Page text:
This is not just the case for investors, there may also be a huge upside potential for owner occupant purchasers of short sales.  For example, short sales can be negotiated at a discount to the general resale real estate market.  In the Northern Virginia area, the discounts have a wide range, but average between 3% and 8% off the top of market sales.  In addition, since property condition is not usually perfect or move-in ready, more discounts are available to account for property condition.  If you know what to look for in a property and understand the cost to cure issues, a short sale that needs work may be the best opportunity for you and your upside potential.  If you find a short sale opportunity that has cosmetic deficiencies, an ugly kitchen, dated bathrooms, and perhaps an unfinished basement; it may be a huge upside opportunity to be able to come in and upgrade the home to maximize resale potential.  As an investor, you may wish to correct cosmetic issues and rent the home out for a year or two.  The good thing about an investor purchasing a short sale is that most banks do not restrict investor offers as the banks do on their REO inventory.  After renting for a few years and allowing for market appreciation and renovation reward, a savvy investor will see a great return.  Also, the savvy investor could utilize a 1031 exchange to defer capital gains tax when selling the long term hold short sale acquisition. 

For an owner-occupied purchaser of a short sale, utilizing renovation financing to rehabilitate a short sale in the distressed condition is a huge boon.  Renovation financing allows for upgrades and renovations to be financed inside the mortgage over 30 years.  Low down payment renovation financing options are available.  A super savvy owner occupant who thinks like an investor can purchase and “flip” a short sale renovation home every 2 years to limit or remove tax implications.  A great way to start for both traditional investors and owner-occupant “investors” is by finding great short sales in good neighborhoods with cosmetic issues, renovate, live there or rent it out for a few years and then sell.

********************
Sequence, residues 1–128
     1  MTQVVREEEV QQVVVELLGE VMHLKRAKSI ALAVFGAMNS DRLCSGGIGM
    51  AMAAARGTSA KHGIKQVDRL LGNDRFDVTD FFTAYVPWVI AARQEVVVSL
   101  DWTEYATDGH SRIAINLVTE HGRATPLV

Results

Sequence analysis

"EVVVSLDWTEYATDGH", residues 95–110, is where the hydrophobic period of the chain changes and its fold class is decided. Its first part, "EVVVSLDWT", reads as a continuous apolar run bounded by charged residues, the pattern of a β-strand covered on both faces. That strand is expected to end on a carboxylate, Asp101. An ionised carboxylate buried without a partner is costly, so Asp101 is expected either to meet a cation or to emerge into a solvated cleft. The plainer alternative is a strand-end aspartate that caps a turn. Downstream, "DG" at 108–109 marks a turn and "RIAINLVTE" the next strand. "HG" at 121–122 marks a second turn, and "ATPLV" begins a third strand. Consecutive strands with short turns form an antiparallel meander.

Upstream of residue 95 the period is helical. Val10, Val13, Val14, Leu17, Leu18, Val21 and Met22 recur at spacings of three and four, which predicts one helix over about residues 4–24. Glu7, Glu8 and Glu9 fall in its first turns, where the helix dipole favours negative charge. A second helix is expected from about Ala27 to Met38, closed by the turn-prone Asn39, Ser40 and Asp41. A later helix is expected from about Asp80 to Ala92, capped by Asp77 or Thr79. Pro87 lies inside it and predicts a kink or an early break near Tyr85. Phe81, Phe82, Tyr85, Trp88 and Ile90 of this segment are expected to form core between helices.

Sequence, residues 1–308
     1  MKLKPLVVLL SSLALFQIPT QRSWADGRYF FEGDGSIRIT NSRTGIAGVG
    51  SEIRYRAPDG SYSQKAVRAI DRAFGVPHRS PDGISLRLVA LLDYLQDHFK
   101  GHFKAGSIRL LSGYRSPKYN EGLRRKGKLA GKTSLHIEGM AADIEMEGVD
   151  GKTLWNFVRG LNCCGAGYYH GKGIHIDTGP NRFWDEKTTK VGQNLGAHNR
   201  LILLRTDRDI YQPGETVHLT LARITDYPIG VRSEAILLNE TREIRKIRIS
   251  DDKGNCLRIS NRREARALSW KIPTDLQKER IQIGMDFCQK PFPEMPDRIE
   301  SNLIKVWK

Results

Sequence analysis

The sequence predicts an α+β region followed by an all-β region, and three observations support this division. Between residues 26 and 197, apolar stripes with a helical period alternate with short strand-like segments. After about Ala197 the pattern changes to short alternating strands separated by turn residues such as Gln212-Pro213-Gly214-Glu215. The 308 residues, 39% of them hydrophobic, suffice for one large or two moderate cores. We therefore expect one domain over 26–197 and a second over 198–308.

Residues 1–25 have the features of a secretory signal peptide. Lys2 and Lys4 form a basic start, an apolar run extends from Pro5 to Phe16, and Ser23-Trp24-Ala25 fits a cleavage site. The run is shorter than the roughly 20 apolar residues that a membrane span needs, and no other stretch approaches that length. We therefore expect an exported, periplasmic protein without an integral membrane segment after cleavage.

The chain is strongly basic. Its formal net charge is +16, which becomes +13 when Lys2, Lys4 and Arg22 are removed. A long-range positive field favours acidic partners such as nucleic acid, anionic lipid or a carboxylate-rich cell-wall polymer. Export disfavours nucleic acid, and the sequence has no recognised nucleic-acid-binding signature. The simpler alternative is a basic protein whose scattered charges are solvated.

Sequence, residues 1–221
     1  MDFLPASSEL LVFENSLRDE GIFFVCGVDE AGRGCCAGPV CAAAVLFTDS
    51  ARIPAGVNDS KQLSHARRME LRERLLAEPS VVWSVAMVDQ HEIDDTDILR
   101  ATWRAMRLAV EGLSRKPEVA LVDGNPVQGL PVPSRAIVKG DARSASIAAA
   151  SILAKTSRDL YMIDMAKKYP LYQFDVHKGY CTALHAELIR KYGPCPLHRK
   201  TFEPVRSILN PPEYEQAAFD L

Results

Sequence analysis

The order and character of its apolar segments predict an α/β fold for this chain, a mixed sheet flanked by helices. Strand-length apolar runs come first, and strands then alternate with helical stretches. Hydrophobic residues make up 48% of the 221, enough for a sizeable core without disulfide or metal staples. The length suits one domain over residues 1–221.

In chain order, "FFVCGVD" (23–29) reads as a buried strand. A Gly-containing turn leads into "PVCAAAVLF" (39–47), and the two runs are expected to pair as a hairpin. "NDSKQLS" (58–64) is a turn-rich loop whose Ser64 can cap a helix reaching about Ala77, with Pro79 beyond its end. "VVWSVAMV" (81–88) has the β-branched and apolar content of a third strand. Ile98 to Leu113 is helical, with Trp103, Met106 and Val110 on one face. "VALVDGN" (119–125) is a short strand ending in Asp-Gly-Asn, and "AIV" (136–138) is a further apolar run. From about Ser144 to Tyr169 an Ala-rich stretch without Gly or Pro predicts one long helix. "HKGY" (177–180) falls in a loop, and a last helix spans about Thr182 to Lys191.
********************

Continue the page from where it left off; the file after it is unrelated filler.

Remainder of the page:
Short sales are not easy.  There is a great reward and often great frustration with the process to achieve financial and even social rewards.  Working with a real estate team that understands short sales is paramount.  Understanding that the banks involved are just looking at the numbers and the business case when approving a short sale.  Making your case to the bank and the short sale seller is important and critical to your success.  Happy house hunting!

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If you find yourself in a difficult financial situation, please contact Carolyn Capalbo. She'll help walk you through the process and important decisions of knowing when a short sale is needed. She is a committed and compassionate REALTOR in Northern Virginia.

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Carolyn Capalbo, Best Northern VA REALTORCarolyn Capalbo,
Northern Virginia REALTOR®